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MATT LEBLANC: PHIL DUNPHY ON MODERN FAMILY
Before Ty Burrell landed the part of the Dunphy family patriarch on Modern Family, showrunners had another funny man in mind: LeBlanc, who they offered the part to first. However, he turned it down — not because he didn't think the show would be a hit, but because he didn't think he could tackle the character. "I remember reading it thinking, this is a really good script, [but] I’m not the guy for this," the Friends actor told USA Today. "I’d be doing the project an injustice to take this. I know what I can do, I know what I can’t do. Plus, I’m having too much fun laying on the couch.”
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CHARLIZE THERON: ROXIE HART, CHICAGO
"I've definitely wanted stuff that I didn't get. For awhile I was attached to Chicago. I really wanted that — I was a dancer for most of my life, and there was a real nostalgia — the idea of making that movie for me. I got kicked off it. The directed kicked me off it. I was really bummed about it," Theron told Howard Stern on his SiriusXM radio show of losing out on the lead role in the 2002 film. "I think because I had it I was like, 'Oh I'm going to make this movie,' and then I was kicked off it."
She added: "There was another director attached and he brought me on. And then that director got fired and this new director got brought on and he didn't want to make the movie with me. I was going to play the Renée Zellweger role — which by the way, she did an amazing job. So yeah, I'm fully envious of what she did … I've seen that movie a lot. I really like the movie, I think everybody's great in that film. I fantasize to be in that movie. I think it just would have been different."
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CONNIE BRITTON: OLIVIA POPE, SCANDAL
Of filling the role of D.C. crisis manager Olivia Pope, casting director Linda Lowy revealed network executives originally envisioned Scandal's leading lady as a white woman. "The network was reading us their top choices, and it was Connie [Britton] and all white women," said Lowy. "I panicked. Somebody finally piped up, 'We're going to have to redo this list.' " Kerry Washington was ultimately cast, making her the first black woman to topline a drama in 37 years.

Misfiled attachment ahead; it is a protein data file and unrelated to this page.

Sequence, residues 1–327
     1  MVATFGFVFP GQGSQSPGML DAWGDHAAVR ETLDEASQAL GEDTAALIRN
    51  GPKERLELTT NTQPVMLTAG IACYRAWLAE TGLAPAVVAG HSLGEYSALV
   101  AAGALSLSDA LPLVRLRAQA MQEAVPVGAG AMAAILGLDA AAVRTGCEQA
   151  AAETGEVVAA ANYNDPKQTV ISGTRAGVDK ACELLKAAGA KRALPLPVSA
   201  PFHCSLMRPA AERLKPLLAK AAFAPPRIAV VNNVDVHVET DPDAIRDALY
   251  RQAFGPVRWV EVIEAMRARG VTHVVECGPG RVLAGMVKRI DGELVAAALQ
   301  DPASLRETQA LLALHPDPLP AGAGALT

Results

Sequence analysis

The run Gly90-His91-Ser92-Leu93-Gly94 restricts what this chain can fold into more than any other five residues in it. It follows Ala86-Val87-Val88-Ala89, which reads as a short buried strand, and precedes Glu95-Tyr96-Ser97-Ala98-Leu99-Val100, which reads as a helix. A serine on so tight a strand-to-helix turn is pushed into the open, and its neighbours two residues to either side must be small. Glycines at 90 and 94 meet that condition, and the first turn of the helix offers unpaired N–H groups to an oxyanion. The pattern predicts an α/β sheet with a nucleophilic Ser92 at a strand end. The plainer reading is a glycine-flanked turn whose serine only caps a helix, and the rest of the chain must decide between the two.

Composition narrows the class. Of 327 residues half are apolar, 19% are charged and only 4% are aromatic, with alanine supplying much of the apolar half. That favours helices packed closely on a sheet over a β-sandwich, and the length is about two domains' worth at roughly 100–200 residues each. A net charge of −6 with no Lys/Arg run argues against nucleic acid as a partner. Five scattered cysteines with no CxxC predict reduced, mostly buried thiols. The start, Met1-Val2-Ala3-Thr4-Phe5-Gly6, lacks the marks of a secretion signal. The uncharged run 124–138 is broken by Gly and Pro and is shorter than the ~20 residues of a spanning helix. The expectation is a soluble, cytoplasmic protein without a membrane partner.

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EMMA WATSON: MIA, LA LA LAND
"The casting of this movie during the six years it took to get made went through lots of permutations, and it's true there was a moment where Emma Watson and Miles Teller were doing it," La La Land director Damien Chazelle told Uproxx. While the part of Mia ultimately went to Emma Stone, Watson ended up landing the leading role in Disney's live-action film adaptation of Beauty and the Beast. Not too bad, eh?
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MILES TELLER: SEBASTIAN, LA LA LAND
Teller has been open about missing out on the movie-musical role made famous by Ryan Gosling. He told Esquire that he almost gave up the film War Dogs with Jonah Hill due to scheduling conflicts with La La Land when he unexpectedly found out the film was moving forward without him. "I got a call from my agent, saying, 'Hey, I just got a call from Lionsgate. Damien told them that he no longer thinks you're creatively right for the project. He's moving on without you,' " the actor recalled. Despite the change of plans, Teller remains optimistic, as he told Vanity Fair: "I'm a pretty strong believer that everything happens for a reason."